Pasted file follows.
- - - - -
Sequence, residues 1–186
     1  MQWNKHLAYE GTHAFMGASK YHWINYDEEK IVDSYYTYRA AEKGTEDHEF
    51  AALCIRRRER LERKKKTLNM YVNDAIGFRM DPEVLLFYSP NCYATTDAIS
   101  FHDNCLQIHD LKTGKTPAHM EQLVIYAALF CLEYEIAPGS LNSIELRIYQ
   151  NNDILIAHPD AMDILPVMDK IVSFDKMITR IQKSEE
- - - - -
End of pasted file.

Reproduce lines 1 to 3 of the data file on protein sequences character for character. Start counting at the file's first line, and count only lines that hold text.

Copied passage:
Sequence, residues 1–186
     1  MQWNKHLAYE GTHAFMGASK YHWINYDEEK IVDSYYTYRA AEKGTEDHEF
    51  AALCIRRRER LERKKKTLNM YVNDAIGFRM DPEVLLFYSP NCYATTDAIS